Winning 50% of trades with a 2:1 reward to risk on three trades a day may make it seem pretty easy to grab 30% per month (before commissions), but very few traders ever achieve this. There are loads of trading mistakes we can make that erode the profitability of a strategy:
- They can’t sustain the win-rate the reward:risk over many trades.
- The leverage kills, because getting caught in one big move could wipe you out.
- Leverage could be reduced by half by risking 0.5% on a trade, for example, instead of 1%.
- The strategy works, but the trader doesn’t have the discipline to follow it.
- They miss trades, take extra ones, don’t place stop losses, don’t take profits when they should, exit trades early, make position size errors, and the list goes on.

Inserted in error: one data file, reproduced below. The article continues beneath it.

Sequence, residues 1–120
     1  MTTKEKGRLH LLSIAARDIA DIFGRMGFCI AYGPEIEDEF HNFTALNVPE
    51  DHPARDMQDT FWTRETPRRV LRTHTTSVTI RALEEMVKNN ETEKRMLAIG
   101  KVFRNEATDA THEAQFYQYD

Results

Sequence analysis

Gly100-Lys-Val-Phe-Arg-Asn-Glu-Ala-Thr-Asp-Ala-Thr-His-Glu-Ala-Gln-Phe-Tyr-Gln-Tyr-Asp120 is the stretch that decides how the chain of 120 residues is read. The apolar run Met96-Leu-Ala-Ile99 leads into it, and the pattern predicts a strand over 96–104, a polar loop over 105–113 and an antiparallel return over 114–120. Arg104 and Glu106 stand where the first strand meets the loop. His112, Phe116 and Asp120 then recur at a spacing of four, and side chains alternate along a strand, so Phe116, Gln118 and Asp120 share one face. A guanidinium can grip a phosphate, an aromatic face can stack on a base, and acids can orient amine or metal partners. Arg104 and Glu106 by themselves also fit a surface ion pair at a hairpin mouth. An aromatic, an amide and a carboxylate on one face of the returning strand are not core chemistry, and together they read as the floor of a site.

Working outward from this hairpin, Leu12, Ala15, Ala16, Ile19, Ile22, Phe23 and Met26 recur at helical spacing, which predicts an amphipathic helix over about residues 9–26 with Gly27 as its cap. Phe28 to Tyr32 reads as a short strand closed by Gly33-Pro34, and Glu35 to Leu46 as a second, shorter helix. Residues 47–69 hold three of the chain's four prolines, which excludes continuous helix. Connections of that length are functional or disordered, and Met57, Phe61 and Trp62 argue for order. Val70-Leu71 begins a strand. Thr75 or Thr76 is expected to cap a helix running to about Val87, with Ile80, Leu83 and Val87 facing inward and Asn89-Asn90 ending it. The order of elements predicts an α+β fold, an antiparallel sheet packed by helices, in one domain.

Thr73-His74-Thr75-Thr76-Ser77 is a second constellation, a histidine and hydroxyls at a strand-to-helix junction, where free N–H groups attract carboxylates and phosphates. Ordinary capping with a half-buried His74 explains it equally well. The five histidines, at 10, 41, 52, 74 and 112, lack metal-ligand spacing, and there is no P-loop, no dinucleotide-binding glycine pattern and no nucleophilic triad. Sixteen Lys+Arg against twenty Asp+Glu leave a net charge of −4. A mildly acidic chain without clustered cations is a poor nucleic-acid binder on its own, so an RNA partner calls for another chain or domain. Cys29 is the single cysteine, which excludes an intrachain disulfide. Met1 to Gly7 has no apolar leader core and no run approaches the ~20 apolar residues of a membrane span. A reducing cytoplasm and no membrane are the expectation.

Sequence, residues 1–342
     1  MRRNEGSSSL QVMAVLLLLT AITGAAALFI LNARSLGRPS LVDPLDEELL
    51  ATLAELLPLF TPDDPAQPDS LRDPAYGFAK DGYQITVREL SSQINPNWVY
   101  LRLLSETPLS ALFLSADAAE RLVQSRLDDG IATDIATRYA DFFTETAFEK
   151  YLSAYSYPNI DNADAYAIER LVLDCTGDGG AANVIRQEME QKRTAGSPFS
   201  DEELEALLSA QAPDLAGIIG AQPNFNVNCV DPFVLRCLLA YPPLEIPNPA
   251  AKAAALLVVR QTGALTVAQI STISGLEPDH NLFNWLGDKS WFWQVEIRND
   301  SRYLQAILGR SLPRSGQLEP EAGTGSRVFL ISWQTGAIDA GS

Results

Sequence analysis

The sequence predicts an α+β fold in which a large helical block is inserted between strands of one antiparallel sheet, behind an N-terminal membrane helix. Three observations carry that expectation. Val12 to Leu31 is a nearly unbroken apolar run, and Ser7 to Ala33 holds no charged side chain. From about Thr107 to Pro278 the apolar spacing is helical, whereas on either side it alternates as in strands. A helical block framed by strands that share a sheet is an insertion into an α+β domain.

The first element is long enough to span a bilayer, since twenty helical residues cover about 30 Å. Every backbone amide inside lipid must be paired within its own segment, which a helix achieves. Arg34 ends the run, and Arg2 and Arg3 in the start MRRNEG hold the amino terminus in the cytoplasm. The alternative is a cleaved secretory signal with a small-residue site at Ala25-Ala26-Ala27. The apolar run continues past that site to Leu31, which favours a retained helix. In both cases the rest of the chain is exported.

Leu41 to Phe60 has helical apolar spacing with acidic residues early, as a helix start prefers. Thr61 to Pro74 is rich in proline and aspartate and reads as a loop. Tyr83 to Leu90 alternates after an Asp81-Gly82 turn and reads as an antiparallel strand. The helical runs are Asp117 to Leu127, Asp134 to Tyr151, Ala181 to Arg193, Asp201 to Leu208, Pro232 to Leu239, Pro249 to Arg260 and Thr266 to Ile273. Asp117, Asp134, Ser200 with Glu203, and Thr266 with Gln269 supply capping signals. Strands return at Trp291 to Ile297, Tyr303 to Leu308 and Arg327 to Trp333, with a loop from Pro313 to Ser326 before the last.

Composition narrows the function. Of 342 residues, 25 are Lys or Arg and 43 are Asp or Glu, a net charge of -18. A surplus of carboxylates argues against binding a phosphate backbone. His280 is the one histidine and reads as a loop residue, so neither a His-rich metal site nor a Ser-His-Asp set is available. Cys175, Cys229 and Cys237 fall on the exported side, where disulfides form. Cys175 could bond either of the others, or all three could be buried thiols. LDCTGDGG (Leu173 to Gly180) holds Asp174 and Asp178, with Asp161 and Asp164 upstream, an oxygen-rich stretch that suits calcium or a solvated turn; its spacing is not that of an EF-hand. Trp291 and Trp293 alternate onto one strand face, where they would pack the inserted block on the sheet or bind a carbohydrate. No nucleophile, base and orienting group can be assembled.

- Slippage—the difference between where orders are expected to execute and where they actually execute— erodes their profit potential.
The most important thing for successful forex day trading is to build a process that works. Then, we just need to follow the process. If we do, money will follow. Our goal isn’t the money, our goal is always to follow the process. That’s how consistency is developed.
Also, because of leverage, always get out of day trades a couple of minutes before major economic news announcements. You don’t want to be holding a leverage position when important news hits, as it could do a lot of damage to your account if the price goes the wrong way.
Cory Mitchell, CMT
Disclaimer: These scenarios are possible to achieve due to leverage, but are far from typical, as discussed. Nothing in this article is personal investment advice, or advice to buy or sell anything. Trading is risky and can result in substantial losses, even more than deposited if using leverage.